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features while narrating their misfortunes, there was a mute appeal to every manly sentiment of my bosom for retribution, which I could no longer withstand. On my passage through the lower Valley into Maryland, a lady had said to me, with tears in her eyes, 'Our lot is a hard one, and we see no peace; but there are a few green spots in our lives, and they are when the Confederate soldiers come along and we can do something for them.' May God defend and bless those noble women of the Valley, who so often ministered to the wounded, sick, and dying Confederate soldiers, and gave their last morsel of bread to the hungry! They bore with heroic courage the privations, sufferings, persecutions and dangers, to which the war which was constantly waged in their midst exposed them, and upon no portion of the Southern people did the disasters which finally befell our army and country fall with more crushing effect than upon them."

It is hardly just to judge Gen. Early's military merits by his fortunes or misfortunes. With a mind clear, direct and comprehensive, his opinion was entitled to that respect which it always received from Gen. Lee. Quick to decide, and almost inflexible in decision, with a boldness to attack that approached rashness, and a tenacity in resisting that resembled desperation, he was yet on the field of battle hardly equal to his own intellect and decision. He moved too slowly from point to point; and had he possessed the personal activity of Breckinridge, or the dash of Gordon, he would, in his misfortune, better have escaped censure. Moreover, he received with impatience, and never acted upon advice-a suggestion from his subordinates. Arbitrary, cynical, with strong prejudices, and totally irreligious, he was personally disagreeable to the majority of men; he made no admirers or friends either by his manners or his habits, and those who defended him did so because they were convinced of his patriotism, of his earnestness, and of his great ability. He had tender feelings, but he endeavoured to conceal them, and often acted as if he would be ashamed to be detected in doing a kindness; yet many will recall with pleasure, little acts of Old Jubal, which proved that his heart was not unkind.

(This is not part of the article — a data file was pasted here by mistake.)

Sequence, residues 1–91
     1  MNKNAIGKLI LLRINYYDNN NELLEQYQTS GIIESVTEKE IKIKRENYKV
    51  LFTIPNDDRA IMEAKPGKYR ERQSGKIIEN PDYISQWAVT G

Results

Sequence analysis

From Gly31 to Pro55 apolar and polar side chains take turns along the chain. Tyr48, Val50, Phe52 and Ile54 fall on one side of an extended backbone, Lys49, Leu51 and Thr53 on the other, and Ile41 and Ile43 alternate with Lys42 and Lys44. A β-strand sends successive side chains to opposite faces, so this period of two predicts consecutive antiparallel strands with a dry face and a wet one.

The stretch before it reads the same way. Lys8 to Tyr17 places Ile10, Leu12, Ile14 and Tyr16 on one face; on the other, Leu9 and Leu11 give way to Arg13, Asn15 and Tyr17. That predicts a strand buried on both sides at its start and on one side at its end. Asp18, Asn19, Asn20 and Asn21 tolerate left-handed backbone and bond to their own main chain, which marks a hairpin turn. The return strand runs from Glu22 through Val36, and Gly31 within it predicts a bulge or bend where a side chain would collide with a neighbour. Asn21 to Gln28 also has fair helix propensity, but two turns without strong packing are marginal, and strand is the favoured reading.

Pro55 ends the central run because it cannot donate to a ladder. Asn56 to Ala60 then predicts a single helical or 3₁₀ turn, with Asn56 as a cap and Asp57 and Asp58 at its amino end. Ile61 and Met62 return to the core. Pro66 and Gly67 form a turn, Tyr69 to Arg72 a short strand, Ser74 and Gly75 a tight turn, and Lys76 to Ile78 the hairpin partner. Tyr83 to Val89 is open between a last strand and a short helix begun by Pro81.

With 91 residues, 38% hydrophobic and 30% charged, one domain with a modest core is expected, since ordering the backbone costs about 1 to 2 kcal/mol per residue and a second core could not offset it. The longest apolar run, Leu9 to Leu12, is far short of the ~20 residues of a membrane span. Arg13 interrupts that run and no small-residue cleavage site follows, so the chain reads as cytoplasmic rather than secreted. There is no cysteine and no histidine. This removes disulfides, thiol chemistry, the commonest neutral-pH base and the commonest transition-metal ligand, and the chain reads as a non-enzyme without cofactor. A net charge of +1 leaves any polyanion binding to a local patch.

The strong character of the man was fruitful of anecdote. The soldiers of his army had a hundred jests and witticisms about him. They called him “Old Jube," sometimes “Old Jubilee." His burly person, his neglected dress, his peculiar speech, made him a marked man. Long exposure had made the old coat which he wore quite dingy. A wide-brim hat overshadowed his sparkling eyes, his swarthy features, and grizzled hair. His face, set upon a short neck, joined to stooping shoulders, attracted attention from every one. In the dark eye you could read the resolute character of the man, as in his satirical smile you saw the evidence of that dry, trenchant, often mordant humour, for which he was famous. The keen glance drove home the sarcastic speech, and almost every one who ventured upon word combats with Gen. Lee's “bad old man” sustained a "palpable hit.”

An instance of his wit at the expense of Stonewall Jackson was greatly relished by his troops. In the retreat from Sharpsburg, Jackson had been left at Winchester to remove some supplies, and was making one of his rapid marches to rejoin Longstreet in the neighbourhood of Culpeper Court-House. There was a good deal of straggling on the march, and evidences among the men of a free imbibing of the "apple-jack” which abounded in this part of the country. Gen. Jackson happened to ride in rear of Early's division, and was greatly concerned to find the men scattered for miles along the road. Gen. Early had expended his eloquence and his oaths in vain; he had even spread the report that the mountain huts were full of small-pox; but this did not prevent his prying followers from satisfying their curiosity at every sign of habitation on their route. At night, while be was nursing his rheumatism by the camp-fire, an orderly rode up with a dispatch from Gen. Jackson, curtly inquiring “why he had seen so many stragglers in rear of Gen. Early's division that day." The answer was drawn up, with due form:

HEADQUARTERS EARLY'S DIVISION. CAPTAIN: In answer to your note, I would state that I think it probable that the reason why Gen. Jackson saw so many of my stragglers on the march to-day is that he rode in rear of my division. Respectfully,


Major-General. Capt. A. S. PENDLETON, A.A.G.

All the anecdotes about Gen. Early were characteristic. Speak